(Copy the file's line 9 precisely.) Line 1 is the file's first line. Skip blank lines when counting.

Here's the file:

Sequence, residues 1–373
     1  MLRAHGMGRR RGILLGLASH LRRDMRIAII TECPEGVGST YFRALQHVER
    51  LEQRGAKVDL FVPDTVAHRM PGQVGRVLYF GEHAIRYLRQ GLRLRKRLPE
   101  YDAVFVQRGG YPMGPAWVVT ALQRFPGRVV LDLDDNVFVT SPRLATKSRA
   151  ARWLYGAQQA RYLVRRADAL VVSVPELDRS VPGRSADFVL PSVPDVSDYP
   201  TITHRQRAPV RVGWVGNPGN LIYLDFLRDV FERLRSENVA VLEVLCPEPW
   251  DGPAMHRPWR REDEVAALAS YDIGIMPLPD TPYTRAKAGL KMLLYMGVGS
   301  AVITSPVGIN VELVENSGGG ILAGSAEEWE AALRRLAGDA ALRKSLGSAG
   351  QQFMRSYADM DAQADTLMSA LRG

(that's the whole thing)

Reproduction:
   351  QQFMRSYADM DAQADTLMSA LRG